How to Stop Soaring Homeowner’s Insurance Premiums

Inflation is striking homeowners insurance, but if you’re tempted to cut costs by reducing coverage — or, if your mortgage is paid off, even dropping it — think again. A single bad storm could make deep and unwelcome changes to your retirement. Instead, consider shopping around for a new policy, and make sure you take advantage of all the discounts available to you.

The average premium for homeowners insurance rose 12.1 percent from May 2021 to May 2022, according to Policygenius; the average annual increase was $134. Although there’s some evidence that inflation in homeowners insurance is easing in 2023 — calculates the increase from 2022 to 2023 at just 3 percent — inflation in all things tends to be cumulative: A 12 percent raise one year followed by a 3 percent raise is still a 15 percent hike over two years.

Why homeowners insurance rates are rising

Inflation in all its forms has been a driving force behind rising homeowners premiums, says senior writer and analyst Michael Giusti. That includes supply chain problems. It’s not that there are shipping containers filled with policies waiting to be unloaded at the Port of Los Angeles. But homeowners insurance covers home repairs, and many of the things you use to repair a house do, in fact, get shipped in from elsewhere.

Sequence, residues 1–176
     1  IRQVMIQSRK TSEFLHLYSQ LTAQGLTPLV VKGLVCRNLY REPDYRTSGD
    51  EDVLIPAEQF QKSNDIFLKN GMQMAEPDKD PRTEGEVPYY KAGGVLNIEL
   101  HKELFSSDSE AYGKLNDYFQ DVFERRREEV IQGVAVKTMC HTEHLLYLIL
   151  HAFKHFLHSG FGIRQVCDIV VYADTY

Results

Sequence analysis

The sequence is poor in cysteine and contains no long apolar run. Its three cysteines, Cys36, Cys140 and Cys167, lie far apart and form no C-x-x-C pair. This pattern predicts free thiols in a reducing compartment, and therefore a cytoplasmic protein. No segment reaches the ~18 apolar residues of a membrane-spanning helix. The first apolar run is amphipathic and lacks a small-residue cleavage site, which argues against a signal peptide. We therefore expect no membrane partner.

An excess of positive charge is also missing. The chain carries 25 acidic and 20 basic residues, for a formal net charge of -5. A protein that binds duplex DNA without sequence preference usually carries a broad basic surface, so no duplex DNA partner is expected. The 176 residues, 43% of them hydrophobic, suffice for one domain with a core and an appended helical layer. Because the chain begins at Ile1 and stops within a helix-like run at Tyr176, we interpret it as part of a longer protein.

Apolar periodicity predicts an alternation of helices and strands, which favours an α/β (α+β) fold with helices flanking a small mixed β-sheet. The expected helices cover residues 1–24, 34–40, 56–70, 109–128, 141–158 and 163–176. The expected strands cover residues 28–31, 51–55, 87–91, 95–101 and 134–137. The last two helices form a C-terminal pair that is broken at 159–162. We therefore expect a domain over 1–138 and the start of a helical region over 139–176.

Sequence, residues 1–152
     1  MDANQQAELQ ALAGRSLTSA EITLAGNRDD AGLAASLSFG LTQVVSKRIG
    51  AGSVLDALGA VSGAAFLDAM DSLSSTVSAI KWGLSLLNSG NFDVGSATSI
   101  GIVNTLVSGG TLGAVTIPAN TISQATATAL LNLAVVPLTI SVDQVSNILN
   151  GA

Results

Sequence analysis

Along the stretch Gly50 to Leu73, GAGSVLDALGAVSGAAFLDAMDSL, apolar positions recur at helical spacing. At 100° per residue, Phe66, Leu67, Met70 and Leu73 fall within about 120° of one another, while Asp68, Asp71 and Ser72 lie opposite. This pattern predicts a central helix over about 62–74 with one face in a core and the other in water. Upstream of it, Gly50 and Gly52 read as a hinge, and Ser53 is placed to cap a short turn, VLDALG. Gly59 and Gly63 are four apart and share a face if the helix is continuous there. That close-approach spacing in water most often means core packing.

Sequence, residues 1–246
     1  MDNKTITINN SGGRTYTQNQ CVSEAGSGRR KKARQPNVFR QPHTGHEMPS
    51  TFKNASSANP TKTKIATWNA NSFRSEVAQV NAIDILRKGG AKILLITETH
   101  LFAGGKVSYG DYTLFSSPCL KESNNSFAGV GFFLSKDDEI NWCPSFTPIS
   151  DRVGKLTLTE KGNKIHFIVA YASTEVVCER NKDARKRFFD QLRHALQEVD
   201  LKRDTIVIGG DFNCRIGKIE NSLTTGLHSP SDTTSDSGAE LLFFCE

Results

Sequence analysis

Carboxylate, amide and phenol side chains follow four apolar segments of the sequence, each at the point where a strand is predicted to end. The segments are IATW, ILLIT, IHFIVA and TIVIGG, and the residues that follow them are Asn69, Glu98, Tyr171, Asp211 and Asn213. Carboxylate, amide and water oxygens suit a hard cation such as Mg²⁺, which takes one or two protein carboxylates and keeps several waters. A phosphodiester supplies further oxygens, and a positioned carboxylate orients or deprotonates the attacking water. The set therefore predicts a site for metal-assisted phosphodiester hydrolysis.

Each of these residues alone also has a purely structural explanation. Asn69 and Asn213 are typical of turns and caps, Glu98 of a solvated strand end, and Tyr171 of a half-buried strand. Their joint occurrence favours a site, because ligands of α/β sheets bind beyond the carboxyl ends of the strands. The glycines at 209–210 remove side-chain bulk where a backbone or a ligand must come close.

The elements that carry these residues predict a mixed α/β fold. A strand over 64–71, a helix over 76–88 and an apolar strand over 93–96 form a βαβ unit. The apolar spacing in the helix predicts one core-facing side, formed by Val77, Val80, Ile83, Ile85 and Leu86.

In February 2022, for example, the price of lumber soared to $1.337 per thousand square feet. Although later in the year, lumber fell to $429 per thousand square feet, overall home repair costs in 2022 were expensive. Similarly, the cost of asphalt shingles and other roofing materials has risen 51 percent in the past five years. Insurers eventually have to recover those costs in the form of higher premiums.

Other ways inflation has hit homeowners policies:

Labor. You need people to repair a house, and labor costs have been rising as well. “If companies are paying their workers more, that’s been causing them to raise their own prices, and that, in turn, is going to make the cost of repairing a home pricier,” says Cate Deventer, insurance analyst for Real — inflation-adjusted — hourly earnings rose 4.6 percent the 12 months ended December, according to the US Bureau of Labor Statistics.

Housing. House prices have also made big gains, meaning that the cost of replacing them has increased too. Home prices, as measured by the S&P CoreLogic Case-Shiller US National Home Price Index, have gained 8.9 percent a year for the past five years.

Interest rates. To combat inflation, the Federal Reserve has been hiking short-term interest rates. Although there’s some indication that the Fed’s plan is working, rising interest rates are driving up insurance prices as well, Giusti says. “In the end, insurance companies are financial services companies, and they need to borrow money to do business,” he says.

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